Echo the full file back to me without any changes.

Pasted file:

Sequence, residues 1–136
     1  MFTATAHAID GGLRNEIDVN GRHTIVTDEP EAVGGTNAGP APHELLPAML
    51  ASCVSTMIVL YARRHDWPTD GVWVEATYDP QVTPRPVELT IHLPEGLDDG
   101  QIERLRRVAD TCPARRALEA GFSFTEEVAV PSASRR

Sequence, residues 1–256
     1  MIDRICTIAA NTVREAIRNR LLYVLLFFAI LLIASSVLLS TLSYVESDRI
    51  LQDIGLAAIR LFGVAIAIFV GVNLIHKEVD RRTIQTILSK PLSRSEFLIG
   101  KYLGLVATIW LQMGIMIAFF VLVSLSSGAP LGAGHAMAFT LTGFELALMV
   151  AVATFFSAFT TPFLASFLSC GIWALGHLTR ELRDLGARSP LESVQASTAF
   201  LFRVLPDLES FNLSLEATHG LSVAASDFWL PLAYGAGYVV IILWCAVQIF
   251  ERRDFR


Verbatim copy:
Sequence, residues 1–136
     1  MFTATAHAID GGLRNEIDVN GRHTIVTDEP EAVGGTNAGP APHELLPAML
    51  ASCVSTMIVL YARRHDWPTD GVWVEATYDP QVTPRPVELT IHLPEGLDDG
   101  QIERLRRVAD TCPARRALEA GFSFTEEVAV PSASRR

Sequence, residues 1–256
     1  MIDRICTIAA NTVREAIRNR LLYVLLFFAI LLIASSVLLS TLSYVESDRI
    51  LQDIGLAAIR LFGVAIAIFV GVNLIHKEVD RRTIQTILSK PLSRSEFLIG
   101  KYLGLVATIW LQMGIMIAFF VLVSLSSGAP LGAGHAMAFT LTGFELALMV
   151  AVATFFSAFT TPFLASFLSC GIWALGHLTR ELRDLGARSP LESVQASTAF
   201  LFRVLPDLES FNLSLEATHG LSVAASDFWL PLAYGAGYVV IILWCAVQIF
   251  ERRDFR